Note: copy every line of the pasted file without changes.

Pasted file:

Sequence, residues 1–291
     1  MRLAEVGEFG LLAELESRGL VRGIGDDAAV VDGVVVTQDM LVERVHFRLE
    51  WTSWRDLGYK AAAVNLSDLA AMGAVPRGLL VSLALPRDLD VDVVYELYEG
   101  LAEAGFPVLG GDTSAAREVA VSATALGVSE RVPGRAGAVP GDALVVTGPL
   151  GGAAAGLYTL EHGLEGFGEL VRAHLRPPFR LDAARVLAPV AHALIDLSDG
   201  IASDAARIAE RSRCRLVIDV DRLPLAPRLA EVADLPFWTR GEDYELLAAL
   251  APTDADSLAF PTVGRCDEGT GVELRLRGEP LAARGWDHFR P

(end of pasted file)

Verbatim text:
Sequence, residues 1–291
     1  MRLAEVGEFG LLAELESRGL VRGIGDDAAV VDGVVVTQDM LVERVHFRLE
    51  WTSWRDLGYK AAAVNLSDLA AMGAVPRGLL VSLALPRDLD VDVVYELYEG
   101  LAEAGFPVLG GDTSAAREVA VSATALGVSE RVPGRAGAVP GDALVVTGPL
   151  GGAAAGLYTL EHGLEGFGEL VRAHLRPPFR LDAARVLAPV AHALIDLSDG
   201  IASDAARIAE RSRCRLVIDV DRLPLAPRLA EVADLPFWTR GEDYELLAAL
   251  APTDADSLAF PTVGRCDEGT GVELRLRGEP LAARGWDHFR P